Before November 1st even arrived, Halfords had plans to begin Black Friday 2017 sales three weeks early -- possibly the earliest-ever -- and Kohl’s released the first major Black Friday ad of the season. (Kohl’s Black Friday sales are starting a full three days before Thanksgiving, too.)
This is all somewhat par for the course: Black Friday and its younger sibling, Cyber Monday, are huge business for retailers. As a result, some brands go crazy around the timing and planning. What do we know so far about Black Friday and Cyber Monday 2017, and what does it mean for mobile marketers?
There is growth in both Black Friday and Cyber Monday. In 2016, an average consumer spent about $505 across the weekend that runs from Black Friday to Cyber Monday; the 2017 figure is expected to be around $743, which would be a 47% increase.
The average consumer is expected to spend $743 during the Black/Friday Cyber Monday weekend. That's a 47% increase. Tweet this!
Deloitte has even predicted that mobile/e-commerce will finally surpass in-store for the first time during the 2017 cycles for Black Friday and Cyber Monday.
Seems obvious, right? After a while all the doorbuster deals and mobile exclusive coupons might blend together for potential consumers.
A great example is Lego, which is re-releasing a massive (5,923 pieces) Taj Mahal set. While that set was dethroned as largest Lego set by a Millennium Falcon Lego set a few years ago, it’s apparently very popular on the “secondary market” for Lego enthusiasts. Lego decided to re-release it as a Cyber Monday exclusive with mobile add-ons such as a look at properly constructing it, etc. It’s drummed up a bunch of interest even before November officially began.
So while obvious, one of the best bets is to offer something that’s truly stand-alone or standout, especially to your most dedicated community members.
Here are some 2016 examples, including this jam from Jet:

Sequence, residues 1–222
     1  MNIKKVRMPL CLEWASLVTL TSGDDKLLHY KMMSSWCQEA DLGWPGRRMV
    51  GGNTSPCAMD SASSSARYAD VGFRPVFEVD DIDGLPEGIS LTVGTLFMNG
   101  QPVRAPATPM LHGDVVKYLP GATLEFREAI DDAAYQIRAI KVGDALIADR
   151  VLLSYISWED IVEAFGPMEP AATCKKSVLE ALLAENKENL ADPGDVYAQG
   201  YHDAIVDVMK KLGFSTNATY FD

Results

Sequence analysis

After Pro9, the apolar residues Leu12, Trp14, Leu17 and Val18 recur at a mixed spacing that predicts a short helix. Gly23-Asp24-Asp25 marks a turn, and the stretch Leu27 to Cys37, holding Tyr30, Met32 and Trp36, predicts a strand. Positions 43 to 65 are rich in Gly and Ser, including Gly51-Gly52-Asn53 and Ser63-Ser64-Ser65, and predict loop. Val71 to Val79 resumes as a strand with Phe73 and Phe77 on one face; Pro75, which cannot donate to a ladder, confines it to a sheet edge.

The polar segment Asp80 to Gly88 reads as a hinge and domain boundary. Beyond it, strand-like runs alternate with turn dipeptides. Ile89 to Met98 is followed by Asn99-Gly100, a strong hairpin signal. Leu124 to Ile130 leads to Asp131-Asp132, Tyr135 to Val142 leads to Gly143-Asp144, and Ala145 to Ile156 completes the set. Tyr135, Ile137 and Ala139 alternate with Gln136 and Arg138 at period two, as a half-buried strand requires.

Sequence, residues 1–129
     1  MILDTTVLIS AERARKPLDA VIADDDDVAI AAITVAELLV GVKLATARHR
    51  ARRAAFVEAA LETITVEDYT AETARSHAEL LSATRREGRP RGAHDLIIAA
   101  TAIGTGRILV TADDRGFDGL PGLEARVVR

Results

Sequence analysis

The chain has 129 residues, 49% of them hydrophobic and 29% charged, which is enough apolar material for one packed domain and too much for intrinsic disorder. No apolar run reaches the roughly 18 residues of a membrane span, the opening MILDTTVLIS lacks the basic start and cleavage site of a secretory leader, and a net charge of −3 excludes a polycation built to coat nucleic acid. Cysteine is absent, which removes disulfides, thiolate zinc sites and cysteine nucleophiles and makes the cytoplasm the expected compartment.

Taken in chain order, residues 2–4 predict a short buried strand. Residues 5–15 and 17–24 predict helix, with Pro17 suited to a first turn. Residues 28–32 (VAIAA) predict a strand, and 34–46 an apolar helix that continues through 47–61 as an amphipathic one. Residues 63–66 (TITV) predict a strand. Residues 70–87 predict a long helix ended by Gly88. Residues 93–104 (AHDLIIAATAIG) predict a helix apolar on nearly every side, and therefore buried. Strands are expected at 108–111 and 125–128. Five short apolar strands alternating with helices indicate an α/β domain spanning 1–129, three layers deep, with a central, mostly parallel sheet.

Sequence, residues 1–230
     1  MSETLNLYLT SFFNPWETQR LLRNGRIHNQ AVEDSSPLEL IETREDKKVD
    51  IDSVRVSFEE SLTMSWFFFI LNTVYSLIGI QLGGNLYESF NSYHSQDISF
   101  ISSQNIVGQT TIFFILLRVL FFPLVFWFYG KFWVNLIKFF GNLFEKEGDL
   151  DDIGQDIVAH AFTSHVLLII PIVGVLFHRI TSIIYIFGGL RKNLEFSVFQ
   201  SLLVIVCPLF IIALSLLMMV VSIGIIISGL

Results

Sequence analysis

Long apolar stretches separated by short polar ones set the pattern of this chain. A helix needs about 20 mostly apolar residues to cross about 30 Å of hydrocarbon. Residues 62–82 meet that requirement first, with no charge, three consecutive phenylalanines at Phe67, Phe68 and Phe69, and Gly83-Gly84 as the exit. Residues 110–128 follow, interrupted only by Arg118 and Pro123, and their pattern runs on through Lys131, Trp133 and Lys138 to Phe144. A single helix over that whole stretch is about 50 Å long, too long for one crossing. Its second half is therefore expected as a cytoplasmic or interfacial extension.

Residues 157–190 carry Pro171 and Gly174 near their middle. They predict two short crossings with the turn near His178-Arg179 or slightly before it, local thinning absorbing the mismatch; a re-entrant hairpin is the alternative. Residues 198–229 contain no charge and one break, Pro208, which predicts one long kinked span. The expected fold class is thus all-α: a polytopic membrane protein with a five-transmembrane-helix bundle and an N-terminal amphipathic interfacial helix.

Check. One of the toughest parts of the holidays for people is awkward conversations with family members who may or may not know your middle name. (See also: political climate.) Acknowledge that in a push notification, get a laugh, and likely get a swipe. Engaged user.
Acknowledge that most of us are just using the awkward discussions as a reason to stuff our faces anyway. Get the push/swipe and go from there.
Although the gap has closed, mobile conversion was about 1.65% during the Black Friday/Cyber Monday 2016 period. Desktop was about 3.6%. That’s more than double. Why the gap? The simplest reason is that mobile experience is sadly too often a silo/afterthought for companies, especially companies who make most of their revenue from brick and mortar.
But, the holiday season is busy. Like, really busy. People are on desktops at work, sure, but they also have work to do. A lot of holiday season context occurs around being “on-the-go,” and that’s where an effective mobile experience is so crucial. If someone wants your yoga pants but doesn’t really have the time to get to a desktop, you just lost a sale.
Focus on mobile experience. Make it intuitive and seamless. We all know this is important by now. Now is the time to make sure you do it.
Users spend 50% more money over Black Friday/Cyber Monday weekend (true on mobile too), but they convert at 3% vs. a normal 7%. This likely indicates they are more motivated by sale price than brand loyalty, which creates an issue for marketers.
One of the easiest places to begin unraveling all this is true segmentation of users. If someone makes an in-app or mobile/desktop purchase during a sales period, they should be funneled to a different list/bucket in your back-end. Those people should then be nurtured throughout the weekend and then re-nurtured towards Christmas as well. If you have specific buyer history, consider customized landing pages or push notifications.
The goal is to turn a cost-sensitive shopper into a brand advocate. It’s hard, but with a shopping experience that feels targeted to them, it can be done.
If you have brick and mortar and mobile/e-commerce, they should be integrated on this crucial weekend. They should actually be more than integrated; they should be working together. Push notifications can send people to in-store locations, and in-store promotions can encourage engagement with the app/mobile site (10% off if you sign up and show the cashier your code, etc.) While different people may run the different experiences on your employee side, they need to be working together. If the customers feel the experiences of Black Friday/Cyber Monday are silo’ed, they may not keep coming back.
Focus on the core issues: user experience, personalization, and making sure your campaigns are interesting and well-presented. If you can do that, there’s a huge chunk of money to be made across that weekend. Go get yourself some of it, and then keep the customer base engaged through Christmas too.
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